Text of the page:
March 10, 1995 in City

System’s Checks, Balances Do Work Con-Tort Reform It Will Cast Chill Over Valid Suits.

Anne Windishar/Editorial Writer
 

Republicans rolled into town this year promising to make things better for the average citizen. They scoffed at Beltway insiders, sneered at the media elite, hammered away at the injustices plaguing middle America.

And in the meantime, they’re taking the Average Joe for a ride he may not survive.

The latest item in “Contract With America” to make it through the House of Representatives is so-called tort reform, aimed at ending frivolous, opportunistic lawsuits against beleaguered companies.

In reality, the bill gives Goliath an even bigger club to use to wallop David. The centerpiece “loser-pays” rule will cast a chill over valid suits against corporate biggies.

Here’s how it happens: Someone is injured because of a company’s product. She considers suing but, knowing the odds are against her because she’ll walk into the courtroom out-lawyered and out-spent, she’s unsure. If she decides to sue, and loses, she’ll have to pay the company’s legal fees. Even if she wins, she could wind up paying because the House bill considers you the loser if the jury award is less than an out-of-court settlement offer.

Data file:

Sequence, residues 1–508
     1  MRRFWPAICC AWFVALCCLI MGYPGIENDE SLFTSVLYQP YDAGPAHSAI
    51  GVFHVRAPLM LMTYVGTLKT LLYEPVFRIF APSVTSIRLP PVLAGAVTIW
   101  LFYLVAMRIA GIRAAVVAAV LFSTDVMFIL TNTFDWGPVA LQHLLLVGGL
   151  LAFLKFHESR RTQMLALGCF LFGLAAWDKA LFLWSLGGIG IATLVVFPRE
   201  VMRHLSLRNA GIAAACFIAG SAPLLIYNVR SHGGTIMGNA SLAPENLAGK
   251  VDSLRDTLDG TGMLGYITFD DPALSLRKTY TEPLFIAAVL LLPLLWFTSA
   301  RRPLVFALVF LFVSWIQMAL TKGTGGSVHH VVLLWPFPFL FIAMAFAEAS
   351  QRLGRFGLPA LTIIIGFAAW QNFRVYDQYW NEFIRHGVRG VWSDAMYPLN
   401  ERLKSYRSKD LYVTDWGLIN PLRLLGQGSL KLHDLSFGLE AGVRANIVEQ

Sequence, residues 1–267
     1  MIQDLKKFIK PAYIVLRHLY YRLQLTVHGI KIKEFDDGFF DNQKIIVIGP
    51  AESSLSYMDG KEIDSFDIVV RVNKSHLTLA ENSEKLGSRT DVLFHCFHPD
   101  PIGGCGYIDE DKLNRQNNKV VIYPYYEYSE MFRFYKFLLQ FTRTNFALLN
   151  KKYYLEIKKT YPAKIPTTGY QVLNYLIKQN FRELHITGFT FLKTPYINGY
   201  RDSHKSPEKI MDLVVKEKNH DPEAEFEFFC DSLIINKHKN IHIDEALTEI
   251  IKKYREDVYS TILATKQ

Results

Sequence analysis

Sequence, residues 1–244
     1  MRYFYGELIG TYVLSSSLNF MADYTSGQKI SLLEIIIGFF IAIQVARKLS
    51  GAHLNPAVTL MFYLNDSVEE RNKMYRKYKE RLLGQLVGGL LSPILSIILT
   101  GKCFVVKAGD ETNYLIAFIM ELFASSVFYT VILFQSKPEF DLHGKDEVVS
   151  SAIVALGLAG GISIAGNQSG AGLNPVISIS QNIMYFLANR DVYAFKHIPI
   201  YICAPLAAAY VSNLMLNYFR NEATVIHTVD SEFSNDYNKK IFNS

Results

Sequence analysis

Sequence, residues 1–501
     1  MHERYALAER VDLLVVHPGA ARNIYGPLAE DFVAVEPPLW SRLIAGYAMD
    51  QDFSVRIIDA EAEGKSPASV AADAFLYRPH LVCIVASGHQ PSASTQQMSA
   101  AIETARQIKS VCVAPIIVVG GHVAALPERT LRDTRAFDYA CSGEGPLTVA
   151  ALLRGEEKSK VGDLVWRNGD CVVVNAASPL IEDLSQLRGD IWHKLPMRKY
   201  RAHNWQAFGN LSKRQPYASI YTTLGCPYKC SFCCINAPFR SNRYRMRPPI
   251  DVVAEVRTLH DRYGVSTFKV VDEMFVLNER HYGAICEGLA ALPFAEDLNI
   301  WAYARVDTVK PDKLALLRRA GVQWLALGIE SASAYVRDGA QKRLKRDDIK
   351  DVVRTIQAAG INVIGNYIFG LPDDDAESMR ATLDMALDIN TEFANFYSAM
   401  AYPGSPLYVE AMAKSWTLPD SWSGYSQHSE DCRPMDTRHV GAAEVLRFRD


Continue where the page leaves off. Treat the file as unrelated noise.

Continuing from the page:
So who has the advantage? Not your average American.

Sure, people are outraged when they hear a jury awarded someone $2.9 million because she spilled McDonald’s too-hot coffee on herself. That outrage sweeps the nation, fueled by Gingrich’s gang; 81-year-old Stella Lieback is held up as the example of what’s wrong with America’s court system.

What people don’t tell you is that Lieback suffered second-degree burns. She spent a week in the hospital and required skin grafts to heal. And did you know McDonald’s had received more than 700 complaints about its coffee before Lieback’s accident and had made settlements of more than $500,000?

The postscript to Lieback’s story is a judge later reduced the amount to a more reasonable $480,000. The legal system’s checks and balances worked.

Yes, the system could use some fine tuning. But that’s not the job of the federal government. If Newt and his followers so strongly support states’ rights - as they profess to as they prepare to kill federal food programs - they should leave tort reform to the states. The little guy can hardly afford their help.

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The following fields overflowed: SUPCAT = EDITORIAL, COLUMN - From both sides

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